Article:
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18 t h e n e x t 1 0 0 y e a r s
Persian Gulf, or a cabin cruiser in the Caribbean, every ship in the world
moves under the eyes of American satellites in space and its movement is
guaranteed—or denied—at will by the U.S. Navy. The combined naval
force of the rest of the world doesn’t come close to equaling that of the U.S.
This has never happened before in human history, even with Britain.
There have been regionally dominant navies, but never one that was glob
ally and overwhelmingly dominant. This has meant that the United States
could invade other countries—but never be invaded. It has meant that in
the ﬁnal analysis the United States controls international trade. It has be
come the foundation of American security and American wealth. Control of
the seas emerged after World War II, solidiﬁed during the ﬁnal phase of the
European Age, and is now the ﬂip side of American economic power, the
basis of its military power.
Whatever passing problems exist for the United States, the most impor
tant factor in world affairs is the tremendous imbalance of economic, mili
tary, and political power. Any attempt to forecast the twenty-ﬁrst century
that does not begin with the recognition of the extraordinary nature of
American power is out of touch with reality. But I am making a broader,
more unexpected claim, too: the United States is only at the beginning of its
power. The twenty-ﬁrst century will be the American century.
That assertion rests on a deeper point. For the past ﬁve hundred years,
the global system has rested on the power of Atlantic Europe, the European
countries that bordered on the Atlantic Ocean: Portugal, Spain, France, En
gland, and to a lesser extent the Netherlands. These countries transformed
the world, creating the ﬁrst global political and economic system in human
history. As we know, European power collapsed during the twentieth cen
tury, along with the European empires. This created a vacuum that was
ﬁlled by the United States, the dominant power in North America, and the
only great power bordering both the Atlantic and Paciﬁc oceans. North
America has assumed the place that Europe occupied for ﬁve hundred years,
between Columbus’s voyage in 1492 and the fall of the Soviet Union in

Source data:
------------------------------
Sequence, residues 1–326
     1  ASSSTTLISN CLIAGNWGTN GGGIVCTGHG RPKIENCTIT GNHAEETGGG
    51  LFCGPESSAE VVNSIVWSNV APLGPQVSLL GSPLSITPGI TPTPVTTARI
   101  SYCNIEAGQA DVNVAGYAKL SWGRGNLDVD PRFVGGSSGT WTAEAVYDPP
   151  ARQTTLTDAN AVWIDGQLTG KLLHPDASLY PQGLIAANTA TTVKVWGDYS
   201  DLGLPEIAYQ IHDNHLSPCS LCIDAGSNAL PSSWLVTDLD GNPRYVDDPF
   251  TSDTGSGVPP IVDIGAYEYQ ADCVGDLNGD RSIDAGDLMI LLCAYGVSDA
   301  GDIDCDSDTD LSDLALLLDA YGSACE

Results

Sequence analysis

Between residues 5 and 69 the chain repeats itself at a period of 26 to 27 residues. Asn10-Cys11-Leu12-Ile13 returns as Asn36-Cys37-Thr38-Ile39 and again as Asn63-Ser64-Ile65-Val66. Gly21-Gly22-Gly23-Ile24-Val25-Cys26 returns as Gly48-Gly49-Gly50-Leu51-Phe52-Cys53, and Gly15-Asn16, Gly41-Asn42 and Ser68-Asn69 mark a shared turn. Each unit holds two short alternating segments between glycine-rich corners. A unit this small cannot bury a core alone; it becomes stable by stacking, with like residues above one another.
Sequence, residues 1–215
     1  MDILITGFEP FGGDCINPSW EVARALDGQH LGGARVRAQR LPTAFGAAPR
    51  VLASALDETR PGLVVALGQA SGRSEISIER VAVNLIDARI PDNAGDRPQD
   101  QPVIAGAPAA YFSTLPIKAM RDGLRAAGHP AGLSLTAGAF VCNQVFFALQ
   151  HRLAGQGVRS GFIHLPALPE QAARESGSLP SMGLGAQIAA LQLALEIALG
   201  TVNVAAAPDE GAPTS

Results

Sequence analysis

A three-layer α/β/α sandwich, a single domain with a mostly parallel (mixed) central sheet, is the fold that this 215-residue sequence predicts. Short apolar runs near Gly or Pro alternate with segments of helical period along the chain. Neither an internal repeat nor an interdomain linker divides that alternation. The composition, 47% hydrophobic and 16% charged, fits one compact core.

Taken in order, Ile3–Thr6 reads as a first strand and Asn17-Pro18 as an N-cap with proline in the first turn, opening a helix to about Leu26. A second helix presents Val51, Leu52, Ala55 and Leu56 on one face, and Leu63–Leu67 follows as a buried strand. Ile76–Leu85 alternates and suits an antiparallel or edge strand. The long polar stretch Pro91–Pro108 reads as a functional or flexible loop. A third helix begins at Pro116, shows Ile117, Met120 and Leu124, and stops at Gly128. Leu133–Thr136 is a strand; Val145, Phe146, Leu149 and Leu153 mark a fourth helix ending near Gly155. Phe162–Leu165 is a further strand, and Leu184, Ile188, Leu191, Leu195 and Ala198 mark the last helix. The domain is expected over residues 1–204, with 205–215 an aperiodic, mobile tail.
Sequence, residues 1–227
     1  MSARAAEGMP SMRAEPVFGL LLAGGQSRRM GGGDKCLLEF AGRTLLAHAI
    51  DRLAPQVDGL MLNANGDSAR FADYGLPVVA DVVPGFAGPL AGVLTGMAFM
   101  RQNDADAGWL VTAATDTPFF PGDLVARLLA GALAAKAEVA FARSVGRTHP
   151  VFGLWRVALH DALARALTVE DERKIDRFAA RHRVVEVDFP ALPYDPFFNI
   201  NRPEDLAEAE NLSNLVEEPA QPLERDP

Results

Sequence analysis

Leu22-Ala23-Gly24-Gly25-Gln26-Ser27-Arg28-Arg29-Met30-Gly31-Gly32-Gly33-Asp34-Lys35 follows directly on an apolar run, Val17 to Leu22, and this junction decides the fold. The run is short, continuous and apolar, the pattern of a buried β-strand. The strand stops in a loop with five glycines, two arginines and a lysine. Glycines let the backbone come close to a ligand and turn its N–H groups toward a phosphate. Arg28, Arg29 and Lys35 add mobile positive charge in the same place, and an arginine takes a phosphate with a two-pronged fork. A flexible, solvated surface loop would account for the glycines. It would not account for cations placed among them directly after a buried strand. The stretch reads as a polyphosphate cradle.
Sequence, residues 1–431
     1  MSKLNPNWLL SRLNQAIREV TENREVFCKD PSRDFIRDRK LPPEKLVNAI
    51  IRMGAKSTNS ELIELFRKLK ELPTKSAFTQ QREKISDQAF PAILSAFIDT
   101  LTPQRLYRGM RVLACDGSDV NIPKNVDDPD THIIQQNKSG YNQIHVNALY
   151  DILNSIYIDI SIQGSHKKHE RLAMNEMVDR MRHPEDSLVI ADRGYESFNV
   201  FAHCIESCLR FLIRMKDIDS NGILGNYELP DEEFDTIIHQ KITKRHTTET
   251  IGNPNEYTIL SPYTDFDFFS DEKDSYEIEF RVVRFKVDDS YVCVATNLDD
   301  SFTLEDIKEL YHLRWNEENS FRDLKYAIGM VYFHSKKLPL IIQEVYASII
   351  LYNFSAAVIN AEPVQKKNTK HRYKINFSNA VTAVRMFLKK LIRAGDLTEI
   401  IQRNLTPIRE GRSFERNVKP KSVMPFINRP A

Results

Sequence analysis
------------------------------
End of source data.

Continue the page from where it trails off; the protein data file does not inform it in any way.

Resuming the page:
1991. It has become the center of gravity of the international system.
Why? In order to understand the twenty-ﬁrst century, it is important to
understand the fundamental structural shifts that took place late in the
the dawn of the american age 19
twentieth century, setting the stage for a new century that will be radically
different in form and substance, just as the United States is so different from
Europe. My argument is not only that something extraordinary has hap
pened but that the United States has had very little choice in it. This isn’t
about policy. It is about the way in which impersonal geopolitical forces
Until the ﬁfteenth century, humans lived in self-enclosed, sequestered
worlds. Humanity did not know itself as consisting of a single fabric. The
Chinese didn’t know of the Aztecs, and the Mayas didn’t know of the Zulus.
The Europeans may have heard of the Japanese, but they didn’t really know
them—and they certainly didn’t interact with them. The Tower of Babel
had done more than make it impossible for people to speak to each other. It
made civilizations oblivious to each other.
Europeans living on the eastern rim of the Atlantic Ocean shattered the
barriers between these sequestered regions and turned the world into a sin
gle entity in which all of the parts interacted with each other. What hap
pened to Australian aborigines was intimately connected to the British
relationship with Ireland and the need to ﬁnd penal colonies for British
prisoners overseas. What happened to Inca kings was tied to the relationship
between Spain and Portugal. The imperialism of Atlantic Europe created a
Atlantic Europe became the center of gravity of the global system (see
map, page 20). What happened in Europe deﬁned much of what happened
elsewhere in the world. Other nations and regions did everything with one
eye on Europe. From the sixteenth to the twentieth century hardly any part
of the world escaped European inﬂuence and power. Everything, for good
or evil, revolved around it. And the pivot of Europe was the North Atlantic.
Whoever controlled that stretch of water controlled the highway to the
Europe was neither the most civilized nor the most advanced region in
the world. So what made it the center? Europe really was a technical and